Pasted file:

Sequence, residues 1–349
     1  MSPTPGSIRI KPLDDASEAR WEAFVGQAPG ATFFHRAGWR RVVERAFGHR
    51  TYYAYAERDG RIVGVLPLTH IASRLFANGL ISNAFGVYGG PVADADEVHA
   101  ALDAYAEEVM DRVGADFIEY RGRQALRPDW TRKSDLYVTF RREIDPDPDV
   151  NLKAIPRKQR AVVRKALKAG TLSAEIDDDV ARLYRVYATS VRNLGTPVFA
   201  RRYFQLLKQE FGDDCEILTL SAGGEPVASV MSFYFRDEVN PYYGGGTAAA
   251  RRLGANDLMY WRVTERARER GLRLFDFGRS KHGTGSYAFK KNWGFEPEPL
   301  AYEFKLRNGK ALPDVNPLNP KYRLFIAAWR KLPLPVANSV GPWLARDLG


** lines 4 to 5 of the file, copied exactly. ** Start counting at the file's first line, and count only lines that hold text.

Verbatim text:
   101  ALDAYAEEVM DRVGADFIEY RGRQALRPDW TRKSDLYVTF RREIDPDPDV
   151  NLKAIPRKQR AVVRKALKAG TLSAEIDDDV ARLYRVYATS VRNLGTPVFA